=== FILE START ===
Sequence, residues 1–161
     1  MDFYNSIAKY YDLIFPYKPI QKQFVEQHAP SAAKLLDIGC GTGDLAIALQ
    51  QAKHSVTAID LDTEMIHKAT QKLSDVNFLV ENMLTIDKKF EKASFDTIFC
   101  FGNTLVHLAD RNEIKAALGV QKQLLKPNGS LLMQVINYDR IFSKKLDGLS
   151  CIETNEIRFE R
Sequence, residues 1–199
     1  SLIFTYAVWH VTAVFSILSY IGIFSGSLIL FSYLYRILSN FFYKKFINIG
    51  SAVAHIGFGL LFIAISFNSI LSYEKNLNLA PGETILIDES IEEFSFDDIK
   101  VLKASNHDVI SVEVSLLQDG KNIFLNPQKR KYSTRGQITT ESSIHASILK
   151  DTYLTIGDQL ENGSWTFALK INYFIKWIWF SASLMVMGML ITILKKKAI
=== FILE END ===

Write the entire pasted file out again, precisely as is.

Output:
Sequence, residues 1–161
     1  MDFYNSIAKY YDLIFPYKPI QKQFVEQHAP SAAKLLDIGC GTGDLAIALQ
    51  QAKHSVTAID LDTEMIHKAT QKLSDVNFLV ENMLTIDKKF EKASFDTIFC
   101  FGNTLVHLAD RNEIKAALGV QKQLLKPNGS LLMQVINYDR IFSKKLDGLS
   151  CIETNEIRFE R
Sequence, residues 1–199
     1  SLIFTYAVWH VTAVFSILSY IGIFSGSLIL FSYLYRILSN FFYKKFINIG
    51  SAVAHIGFGL LFIAISFNSI LSYEKNLNLA PGETILIDES IEEFSFDDIK
   101  VLKASNHDVI SVEVSLLQDG KNIFLNPQKR KYSTRGQITT ESSIHASILK
   151  DTYLTIGDQL ENGSWTFALK INYFIKWIWF SASLMVMGML ITILKKKAI